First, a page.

Friday, April 12, 2013

A deficit of graciousness: Whose fault is it?

“Adversity doesn’t build character, it reveals it.” James Lane Allen.

By now, most of you would have read about the 2013 Graciousness Index dropping 8 points to an all-time low of 53. The Index serves as a reflection of the state of graciousness in Singapore, but the survey does not ask for the reasons behind the Index’s movements.

However, it is only human for us to want to know who or what is responsible.

The bulk of the response to the story, as seen in online comments, has been to apportion blame. Here’s a smattering of some comments.

“It is difficult to be gracious and to be kind when there are so much stress and frustrations out there in our daily lives. And people are crying out in pain when the leaders hear not. When people don’t have hope, or are in despair due to inequality and injustice, the society will disintegrate from within.”

“Cannot be too friendly with people who come to steal our PMET jobs, depress our pay and discriminate us with their fake degrees.”

“How to smile when snide (vulgarity) around us are always not being gracious? And yet the Government expects us to be more gracious? Reflect on yourselves please.”

Blame the Government, blame the foreigners, blame the stress … basically, many comments rationalise that it is somebody else’s fault that we have become less gracious.

It isn’t my place to comment on Government policies, but I’d like to believe that this drop in the Index would give them a better feel of where people in general are at in social graces.

After all, Prime Minister Lee Hsien Loong, in his National Day Rally last year, said, “We have also got to be a caring, a generous, a decent people; people who are gracious and warm towards one another as well as towards others and that is the best way to ensure that tomorrow Singapore will have a bigger heart.”

That we haven’t acted on that as a nation should be a wake-up call for the Government, you, and me to reflect on what we have done, or not done, to bring about this situation.

In other words, I do not think playing the blame game gets us anywhere. If there is any fault at all, it lies with all of us. We are collectively responsible for this deficit in graciousness. How so?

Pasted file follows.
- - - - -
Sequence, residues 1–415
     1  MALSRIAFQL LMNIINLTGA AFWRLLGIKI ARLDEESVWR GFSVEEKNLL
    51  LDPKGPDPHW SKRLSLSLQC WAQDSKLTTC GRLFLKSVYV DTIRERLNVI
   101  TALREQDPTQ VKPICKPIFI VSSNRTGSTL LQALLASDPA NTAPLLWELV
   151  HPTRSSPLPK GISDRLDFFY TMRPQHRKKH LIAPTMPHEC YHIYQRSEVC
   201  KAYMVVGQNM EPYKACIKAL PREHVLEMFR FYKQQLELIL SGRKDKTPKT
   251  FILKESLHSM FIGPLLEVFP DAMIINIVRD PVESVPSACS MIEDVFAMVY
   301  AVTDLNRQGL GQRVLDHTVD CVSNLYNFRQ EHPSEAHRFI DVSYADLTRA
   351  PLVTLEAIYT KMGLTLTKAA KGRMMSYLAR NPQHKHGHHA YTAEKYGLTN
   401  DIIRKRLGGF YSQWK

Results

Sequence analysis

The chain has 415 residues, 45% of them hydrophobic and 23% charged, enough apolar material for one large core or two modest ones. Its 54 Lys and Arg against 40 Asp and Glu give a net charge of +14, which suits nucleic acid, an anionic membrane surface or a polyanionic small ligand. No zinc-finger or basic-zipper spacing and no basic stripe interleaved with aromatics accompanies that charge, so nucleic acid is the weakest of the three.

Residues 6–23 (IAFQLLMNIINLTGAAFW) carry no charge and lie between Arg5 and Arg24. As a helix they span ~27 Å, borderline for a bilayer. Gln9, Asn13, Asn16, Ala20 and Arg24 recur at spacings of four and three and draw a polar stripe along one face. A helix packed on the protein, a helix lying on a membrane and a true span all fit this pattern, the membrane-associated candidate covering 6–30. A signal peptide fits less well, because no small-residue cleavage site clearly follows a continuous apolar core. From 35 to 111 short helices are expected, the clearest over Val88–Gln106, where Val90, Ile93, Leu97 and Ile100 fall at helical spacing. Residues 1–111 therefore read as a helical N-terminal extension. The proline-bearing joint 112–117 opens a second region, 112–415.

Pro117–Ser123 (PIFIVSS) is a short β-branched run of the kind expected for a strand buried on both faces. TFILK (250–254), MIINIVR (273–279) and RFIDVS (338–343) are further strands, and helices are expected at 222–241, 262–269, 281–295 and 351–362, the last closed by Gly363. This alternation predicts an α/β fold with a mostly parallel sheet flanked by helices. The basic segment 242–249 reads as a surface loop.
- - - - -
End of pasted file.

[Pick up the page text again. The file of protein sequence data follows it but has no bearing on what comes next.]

Granted, our MRT trains are crowded, and the rising cost of living is making it harder for us to make ends meet. Rightly or wrongly, we feel like we are in a pressure cooker environment. And we can add to the litany of problems and challenges we face every day.

But regardless of the pressure one is under, we are still at liberty to choose to be kind or unkind in the circumstances.

How we choose to respond to our environment speaks volumes of who we are as a people.

Many of you are probably too young to remember the Japanese Occupation, but for those of you who even have the vaguest knowledge of what Singapore was like then, you would agree that our forefathers were probably living in a worse situation than we are now.

Yet, there were so many stories of extraordinary kindness coming from ordinary Singaporeans in those dreadful times. Who can forget the late Mrs. Mary Seah, the Angel of Changi, who risked death to bring food and medicine to prisoners in Changi and Bidadari?

I did have the privilege of meeting the late Elizabeth Choy a long time ago. She was tortured by the Japanese during the Occupation and when asked by the post-Occupation war tribunal if she wanted her torturers executed, she said no. She reminded everyone that had it not been for the war, her torturers would have been just like her, at home with their families and doing ordinary things.

How many of us today can show that kind of forgiving compassion, that sort of spontaneous kindness?

I’m not saying that we shouldn’t express our unhappiness to our leaders, if we feel that they are not doing the job that we voted them to do. Fair enough, speak our mind, do something about it, make a difference – that is our right as a citizen.

But if we are become less kind or less gracious due to the pressures we are facing, we need to reflect and ask why we allow circumstances to make us so. If our forefathers could be kind to one another in the harshest of living conditions, do we forego graciousness just because of the angst and anxieties of urban living?

What does that say about us?